Gamal v Synergy Lifestyle Ltd [2018] EWCA Civ 210 

The facts

Although this was not a casualty claim, it is an interesting case where the court determined whether a payment on account of the sums claimed would reduce the amount of the paying party’s Part 36 offer.

The case involved a claim for defective building work. The claimant had sought £151,000 in respect of work carried out to a house that was occupied by the defendant. The invoice provided was fraudulent and had been issued in collusion with the claimant to enable her to obtain more monies from a trust fund.

In 2015 the defendant made a Part 36 offer of £15,000 and made a payment of £6,600 in 2013 and a payment of £10,000 in February 2016.

In May 2016, the judge assessed the value of the works actually carried out at £36,389 and deducted the sum of £16,600 that had already been paid by the defendant.

It was held that the Part 36 offer equated to the gross sum of £32,000 less the £16,600 already paid so the claimant had beaten the defendant’s Part 36 offer.

The defendant’s case was that the revised sum payable after VAT had been deducted was less than its Part 36 offer. It was submitted that the claimant had failed to beat their Part 36 offer so costs consequences applied under CPR, r. 36.17 in the defendant’s favour.

The claimant’s case was that the sum of £10,000 paid by the defendant in February 2016 should be taken as a payment on account of liability so had the effect of reducing the defendant’s Part 36 offer to £5,000.

Court of Appeal decision

The Court of Appeal held that the payment of £10,000 was a payment on account of liability and reduced the amount of the defendant’s Part 36 offer. It was stated that the position would have been different if the defendant had clearly stated, at any time prior to judgment or acceptance of the Part 36 offer that it was not to be treated as having the effect of reducing the Part 36 offer.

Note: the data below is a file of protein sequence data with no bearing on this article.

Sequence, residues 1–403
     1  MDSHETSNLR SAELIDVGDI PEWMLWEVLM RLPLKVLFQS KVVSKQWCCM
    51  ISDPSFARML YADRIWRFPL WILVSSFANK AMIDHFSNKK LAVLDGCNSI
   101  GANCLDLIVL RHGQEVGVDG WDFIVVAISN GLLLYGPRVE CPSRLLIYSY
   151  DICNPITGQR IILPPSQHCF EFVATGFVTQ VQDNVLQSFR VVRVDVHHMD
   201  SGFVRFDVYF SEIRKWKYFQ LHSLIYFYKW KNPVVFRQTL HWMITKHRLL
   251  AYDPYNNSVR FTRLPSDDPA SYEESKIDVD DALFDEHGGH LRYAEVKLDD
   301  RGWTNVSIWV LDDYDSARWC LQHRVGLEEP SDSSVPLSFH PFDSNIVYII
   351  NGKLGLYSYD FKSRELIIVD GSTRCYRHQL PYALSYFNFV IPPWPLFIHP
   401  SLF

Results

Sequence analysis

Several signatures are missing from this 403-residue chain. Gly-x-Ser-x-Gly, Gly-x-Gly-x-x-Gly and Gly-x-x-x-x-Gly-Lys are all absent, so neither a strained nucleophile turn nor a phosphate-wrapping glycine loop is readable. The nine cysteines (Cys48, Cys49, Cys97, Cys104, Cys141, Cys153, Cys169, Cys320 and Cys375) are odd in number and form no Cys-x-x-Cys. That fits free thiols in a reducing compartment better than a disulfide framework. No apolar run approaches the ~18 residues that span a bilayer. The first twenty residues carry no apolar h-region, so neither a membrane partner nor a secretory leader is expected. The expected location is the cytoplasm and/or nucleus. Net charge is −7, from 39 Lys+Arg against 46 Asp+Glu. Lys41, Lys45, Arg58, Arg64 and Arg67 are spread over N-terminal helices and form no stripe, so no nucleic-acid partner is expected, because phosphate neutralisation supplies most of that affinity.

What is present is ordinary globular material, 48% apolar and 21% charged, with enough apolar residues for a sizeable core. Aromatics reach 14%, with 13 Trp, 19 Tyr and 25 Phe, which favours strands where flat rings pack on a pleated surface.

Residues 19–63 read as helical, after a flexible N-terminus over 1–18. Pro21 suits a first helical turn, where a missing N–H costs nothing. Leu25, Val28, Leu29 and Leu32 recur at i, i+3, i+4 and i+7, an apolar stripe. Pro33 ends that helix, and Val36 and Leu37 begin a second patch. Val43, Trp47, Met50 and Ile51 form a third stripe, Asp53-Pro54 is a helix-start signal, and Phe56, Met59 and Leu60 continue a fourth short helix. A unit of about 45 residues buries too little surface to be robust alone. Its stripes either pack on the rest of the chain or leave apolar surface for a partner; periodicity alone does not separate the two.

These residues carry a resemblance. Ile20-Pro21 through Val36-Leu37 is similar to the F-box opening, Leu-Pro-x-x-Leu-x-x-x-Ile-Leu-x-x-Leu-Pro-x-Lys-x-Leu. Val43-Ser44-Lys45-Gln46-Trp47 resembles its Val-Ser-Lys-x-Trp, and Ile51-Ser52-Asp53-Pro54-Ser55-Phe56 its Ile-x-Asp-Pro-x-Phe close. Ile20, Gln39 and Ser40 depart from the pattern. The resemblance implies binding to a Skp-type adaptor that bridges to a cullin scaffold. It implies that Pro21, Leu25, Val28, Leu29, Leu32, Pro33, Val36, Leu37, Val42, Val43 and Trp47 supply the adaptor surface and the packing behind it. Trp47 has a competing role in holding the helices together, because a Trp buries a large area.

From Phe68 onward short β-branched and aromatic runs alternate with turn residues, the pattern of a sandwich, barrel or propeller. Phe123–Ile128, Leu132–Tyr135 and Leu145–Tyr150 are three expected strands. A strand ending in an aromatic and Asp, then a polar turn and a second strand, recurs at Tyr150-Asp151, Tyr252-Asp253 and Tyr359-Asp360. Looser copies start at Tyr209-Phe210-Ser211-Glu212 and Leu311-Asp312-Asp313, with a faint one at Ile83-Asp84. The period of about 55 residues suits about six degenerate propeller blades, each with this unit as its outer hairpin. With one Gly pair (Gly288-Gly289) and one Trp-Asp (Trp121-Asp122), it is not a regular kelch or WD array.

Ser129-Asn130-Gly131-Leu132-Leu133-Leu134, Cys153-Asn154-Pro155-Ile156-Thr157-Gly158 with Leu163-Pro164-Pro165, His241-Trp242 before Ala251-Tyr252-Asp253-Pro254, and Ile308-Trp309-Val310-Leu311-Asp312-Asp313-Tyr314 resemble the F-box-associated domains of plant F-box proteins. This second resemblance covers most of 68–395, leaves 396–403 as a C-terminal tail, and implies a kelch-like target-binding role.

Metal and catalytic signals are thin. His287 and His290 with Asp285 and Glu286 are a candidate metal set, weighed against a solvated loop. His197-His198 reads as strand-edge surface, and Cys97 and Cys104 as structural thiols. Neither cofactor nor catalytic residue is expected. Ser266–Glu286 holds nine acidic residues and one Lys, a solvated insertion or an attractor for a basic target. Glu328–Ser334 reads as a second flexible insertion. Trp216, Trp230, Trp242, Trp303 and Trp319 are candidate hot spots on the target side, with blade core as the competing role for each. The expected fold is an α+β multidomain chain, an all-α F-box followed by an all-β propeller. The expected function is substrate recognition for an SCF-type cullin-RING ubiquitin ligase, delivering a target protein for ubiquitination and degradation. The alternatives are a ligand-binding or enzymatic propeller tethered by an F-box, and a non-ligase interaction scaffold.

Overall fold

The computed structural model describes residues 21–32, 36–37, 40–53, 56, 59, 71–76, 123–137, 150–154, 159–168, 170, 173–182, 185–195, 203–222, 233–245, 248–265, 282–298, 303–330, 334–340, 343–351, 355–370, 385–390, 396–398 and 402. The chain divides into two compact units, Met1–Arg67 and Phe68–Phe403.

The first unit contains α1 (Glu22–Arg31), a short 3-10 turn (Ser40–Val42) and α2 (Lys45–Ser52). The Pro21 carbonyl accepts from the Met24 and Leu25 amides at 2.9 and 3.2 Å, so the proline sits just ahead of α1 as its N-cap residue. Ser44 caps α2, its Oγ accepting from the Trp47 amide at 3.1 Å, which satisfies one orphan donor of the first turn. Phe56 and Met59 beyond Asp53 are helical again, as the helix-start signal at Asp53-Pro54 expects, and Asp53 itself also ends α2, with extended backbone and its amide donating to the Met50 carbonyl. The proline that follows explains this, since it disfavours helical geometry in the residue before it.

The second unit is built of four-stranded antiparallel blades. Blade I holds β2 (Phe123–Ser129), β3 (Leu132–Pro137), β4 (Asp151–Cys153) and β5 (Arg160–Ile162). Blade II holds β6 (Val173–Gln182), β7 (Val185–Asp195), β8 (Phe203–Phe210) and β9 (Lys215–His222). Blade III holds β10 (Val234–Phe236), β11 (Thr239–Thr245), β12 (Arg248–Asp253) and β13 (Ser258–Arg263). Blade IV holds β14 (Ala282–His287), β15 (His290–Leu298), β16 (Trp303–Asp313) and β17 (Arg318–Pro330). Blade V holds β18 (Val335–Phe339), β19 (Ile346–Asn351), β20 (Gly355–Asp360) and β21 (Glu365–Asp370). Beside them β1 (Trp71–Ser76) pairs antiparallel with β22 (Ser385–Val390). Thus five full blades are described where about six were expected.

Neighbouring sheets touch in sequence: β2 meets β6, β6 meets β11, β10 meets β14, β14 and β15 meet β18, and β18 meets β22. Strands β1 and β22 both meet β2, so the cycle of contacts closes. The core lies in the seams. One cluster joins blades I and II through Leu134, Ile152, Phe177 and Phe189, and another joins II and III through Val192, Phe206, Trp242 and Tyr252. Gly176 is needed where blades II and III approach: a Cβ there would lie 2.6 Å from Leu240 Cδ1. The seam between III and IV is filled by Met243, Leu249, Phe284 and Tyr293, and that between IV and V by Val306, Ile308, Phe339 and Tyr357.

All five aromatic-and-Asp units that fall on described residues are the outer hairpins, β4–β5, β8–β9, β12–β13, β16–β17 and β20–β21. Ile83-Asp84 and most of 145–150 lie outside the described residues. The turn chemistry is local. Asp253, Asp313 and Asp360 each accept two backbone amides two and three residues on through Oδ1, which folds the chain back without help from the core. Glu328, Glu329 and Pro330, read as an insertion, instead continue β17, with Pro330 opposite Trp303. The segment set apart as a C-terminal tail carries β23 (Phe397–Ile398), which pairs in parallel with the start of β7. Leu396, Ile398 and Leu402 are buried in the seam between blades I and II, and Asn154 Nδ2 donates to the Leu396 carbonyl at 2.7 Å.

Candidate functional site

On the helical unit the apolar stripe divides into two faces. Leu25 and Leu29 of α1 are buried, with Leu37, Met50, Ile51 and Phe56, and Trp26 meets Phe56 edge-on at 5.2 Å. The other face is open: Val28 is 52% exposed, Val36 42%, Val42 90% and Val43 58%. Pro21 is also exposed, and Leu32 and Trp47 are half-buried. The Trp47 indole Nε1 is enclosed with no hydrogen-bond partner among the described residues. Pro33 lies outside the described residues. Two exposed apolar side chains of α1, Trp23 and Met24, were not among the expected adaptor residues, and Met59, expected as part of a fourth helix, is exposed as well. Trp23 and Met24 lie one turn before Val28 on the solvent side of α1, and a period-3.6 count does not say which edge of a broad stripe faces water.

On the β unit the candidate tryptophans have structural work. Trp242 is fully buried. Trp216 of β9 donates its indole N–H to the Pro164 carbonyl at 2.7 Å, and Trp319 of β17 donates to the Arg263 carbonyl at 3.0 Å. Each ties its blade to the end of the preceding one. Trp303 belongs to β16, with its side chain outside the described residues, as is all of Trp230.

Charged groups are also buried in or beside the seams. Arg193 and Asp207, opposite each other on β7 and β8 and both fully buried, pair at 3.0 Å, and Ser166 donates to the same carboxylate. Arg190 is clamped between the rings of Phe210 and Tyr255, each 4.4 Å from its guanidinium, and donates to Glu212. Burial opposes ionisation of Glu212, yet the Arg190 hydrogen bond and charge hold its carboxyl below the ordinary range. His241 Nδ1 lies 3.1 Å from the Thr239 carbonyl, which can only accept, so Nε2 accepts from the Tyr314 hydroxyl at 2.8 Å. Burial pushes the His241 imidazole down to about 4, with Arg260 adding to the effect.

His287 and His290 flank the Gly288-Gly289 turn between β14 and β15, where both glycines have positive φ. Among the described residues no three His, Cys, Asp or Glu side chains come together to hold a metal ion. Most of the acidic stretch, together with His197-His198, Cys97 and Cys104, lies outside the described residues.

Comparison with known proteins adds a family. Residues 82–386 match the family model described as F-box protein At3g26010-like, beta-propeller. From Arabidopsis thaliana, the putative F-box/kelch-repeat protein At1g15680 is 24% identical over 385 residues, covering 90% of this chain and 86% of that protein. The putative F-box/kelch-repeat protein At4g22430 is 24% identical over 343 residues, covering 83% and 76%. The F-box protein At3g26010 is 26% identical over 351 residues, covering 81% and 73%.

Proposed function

It was specifically concluded that it was open to the paying party to clarify the purpose of the payment. The presumption that a payment on account of liability would reduce a corresponding Part 36 offer unless expressly stated otherwise, did not lead to any uncertainty.

As a result, it was held that the judgment obtained by the claimant was more advantageous than the defendant’s Part 36 offer.

What this means for you

This case importantly shows that payments on account of liability will result in a corresponding reduction in the amount of a Part 36 offer unless the paying party clearly states that it is not to be treated as having that effect.

It is important to bear this point in mind when making any payments on account of liability, damages and/or costs. In cases where interim payments have been made, it should be noted that these payments will reduce any corresponding Part 36 offer when it comes to assessing whether a claimant has equalled, beaten or failed to beat their opponent’s Part 36 offer.

In the event that interim payment(s) have been made, it is recommended that a Part 36 offer clearly states whether it is gross or net of these payments to make clear the total amount of the offer and what the claimant would receive if accepted. The courts will deduct any corresponding payments from the Part 36 offer, in order to compare like with like, when assessing potential costs consequences under CPR, r. 36.17 following judgment.